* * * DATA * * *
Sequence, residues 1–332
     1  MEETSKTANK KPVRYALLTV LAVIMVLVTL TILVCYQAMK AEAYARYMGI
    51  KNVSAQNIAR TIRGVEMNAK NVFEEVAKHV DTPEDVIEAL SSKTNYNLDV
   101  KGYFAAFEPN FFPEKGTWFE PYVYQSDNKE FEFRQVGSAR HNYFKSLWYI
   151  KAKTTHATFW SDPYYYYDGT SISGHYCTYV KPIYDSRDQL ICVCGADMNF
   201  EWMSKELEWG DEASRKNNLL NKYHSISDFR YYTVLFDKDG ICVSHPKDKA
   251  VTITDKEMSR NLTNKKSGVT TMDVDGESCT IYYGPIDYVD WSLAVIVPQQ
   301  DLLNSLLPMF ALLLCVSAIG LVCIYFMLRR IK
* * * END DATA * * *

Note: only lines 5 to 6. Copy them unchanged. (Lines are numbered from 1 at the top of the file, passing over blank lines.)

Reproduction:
   151  KAKTTHATFW SDPYYYYDGT SISGHYCTYV KPIYDSRDQL ICVCGADMNF
   201  EWMSKELEWG DEASRKNNLL NKYHSISDFR YYTVLFDKDG ICVSHPKDKA